New device harnesses sweat power for fitness trackers

Dr Azadeh Nilghaz is part of the IFM team of researchers who have designed a greener, and low maintenance alternative to power wearable electronics such as smart watches and Fitbits.

MEDIA RELEASE

Wednesday 17 April 2024

A small amount of sweat could be all that’s needed to power fitness trackers of the future, new research led by Deakin University’s Institute for Frontier Materials (IFM) reveals.

In a paper published today in Device, Deakin researchers have outlined how they have designed a ground-breaking wearable hydroelectric nanogenerator – powerful enough to power small electronics such as Fitbits and smart watches – that combines conductive nanomaterials and the evaporation of sweat to generate and store electrical power.

IFM researchers have designed a new hydroelectric nanogenerator for wearable electronics that integrates a single-layer MXene nanosheet with wool as the electrochemically active component.

In the past, the mechanics of hydroelectric nanogenerators were little understood and had several shortcomings, including lower power output density, however this new technology integrates a single-layer MXene nanosheet with wool as the electrochemically active component.

‘Imagine a tiny device that you could wear, like a bracelet or headband, that could generate electricity from something as simple as your sweat,’ research co-author IFM Associate Professor Jingliang Li said.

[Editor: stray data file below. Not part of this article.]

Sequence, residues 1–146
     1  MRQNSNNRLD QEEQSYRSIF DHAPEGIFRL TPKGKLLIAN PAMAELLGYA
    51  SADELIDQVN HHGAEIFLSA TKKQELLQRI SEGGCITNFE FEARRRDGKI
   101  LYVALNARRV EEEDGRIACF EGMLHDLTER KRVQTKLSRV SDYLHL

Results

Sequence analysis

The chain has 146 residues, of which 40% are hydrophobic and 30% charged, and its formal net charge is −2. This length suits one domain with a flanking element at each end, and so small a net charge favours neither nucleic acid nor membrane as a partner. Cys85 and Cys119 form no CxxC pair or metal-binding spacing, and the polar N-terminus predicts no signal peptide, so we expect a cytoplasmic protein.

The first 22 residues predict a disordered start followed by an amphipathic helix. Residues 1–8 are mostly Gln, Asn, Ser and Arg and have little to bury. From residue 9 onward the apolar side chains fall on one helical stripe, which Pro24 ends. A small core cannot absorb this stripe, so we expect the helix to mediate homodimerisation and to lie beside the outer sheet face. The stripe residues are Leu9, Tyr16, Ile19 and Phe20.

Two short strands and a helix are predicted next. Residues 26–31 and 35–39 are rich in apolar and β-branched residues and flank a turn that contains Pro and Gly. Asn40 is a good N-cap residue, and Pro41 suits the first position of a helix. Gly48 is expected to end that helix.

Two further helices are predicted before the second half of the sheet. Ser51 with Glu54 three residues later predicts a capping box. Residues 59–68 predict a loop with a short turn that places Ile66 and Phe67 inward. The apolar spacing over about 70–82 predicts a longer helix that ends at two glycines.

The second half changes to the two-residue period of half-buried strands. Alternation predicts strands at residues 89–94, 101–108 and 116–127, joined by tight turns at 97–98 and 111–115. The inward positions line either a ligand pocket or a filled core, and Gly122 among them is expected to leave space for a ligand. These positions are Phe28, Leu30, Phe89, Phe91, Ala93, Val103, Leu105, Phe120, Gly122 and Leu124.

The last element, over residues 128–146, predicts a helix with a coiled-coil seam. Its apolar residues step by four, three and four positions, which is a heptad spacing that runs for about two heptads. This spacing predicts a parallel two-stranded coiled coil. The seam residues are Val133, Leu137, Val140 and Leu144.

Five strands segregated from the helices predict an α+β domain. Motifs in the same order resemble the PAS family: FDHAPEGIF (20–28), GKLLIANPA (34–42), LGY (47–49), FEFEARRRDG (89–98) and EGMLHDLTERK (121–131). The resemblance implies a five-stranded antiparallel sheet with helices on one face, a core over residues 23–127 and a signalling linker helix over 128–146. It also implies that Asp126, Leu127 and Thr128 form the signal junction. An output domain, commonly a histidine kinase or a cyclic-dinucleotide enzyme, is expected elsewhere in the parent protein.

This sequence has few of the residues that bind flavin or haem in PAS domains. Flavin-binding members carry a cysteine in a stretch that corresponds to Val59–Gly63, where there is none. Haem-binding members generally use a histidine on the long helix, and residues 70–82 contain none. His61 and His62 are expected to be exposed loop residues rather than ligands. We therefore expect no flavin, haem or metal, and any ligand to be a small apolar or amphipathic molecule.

‘The device only needs a small amount of sweat to operate – only few drops to cover the surface of the device.

‘Operation-wise a device needs sweat to generate the current, but since the device is attached to a capacitor, the generated current can be stored. This does not require the wearer to sweat continuously.

‘Similar to a solar panel generating electricity, the generated current can be gradually stored in another device.’

Figures have shown that more than half of Australians track their fitness with a smartphone, smart watch or fitness band.

This breakthrough research – led at IFM by Associate Professor Li, Dr Azadeh Nilghaz and PhD candidate Hongli Su – could provide a greener, and low maintenance alternative to meet that demand.

Further development is needed before the technology could be commercialised for public sale; however, the device shows promise of being easy and low-cost to fabricate.

Looking ahead, the research team hopes to explore how the device can generate electricity if they don’t sweat.

‘The device can generate electricity from the moisture produced by breathing,’ Associate Professor Li said.

‘This is our future work.’

 

About the Institute for Frontier Materials

The Institute for Frontier Materials (IFM) links world-class materials science research with industry to address challenges in the energy, mining, defence, health, transport, textiles and manufacturing sectors. IFM is a trusted partner for 130 innovative organisations across the globe who want to access the best and brightest minds in material science and the institute’s suite of pilot-scale research facilities. At its core IFM aims to redesign materials for a circular economy and impart materials with extraordinary functionality. For more information visit ifm.deakin.edu.au

 

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M: 0455 789 961

E: e.snashallwoodhams@deakin.edu.au

T: @DeakinMedia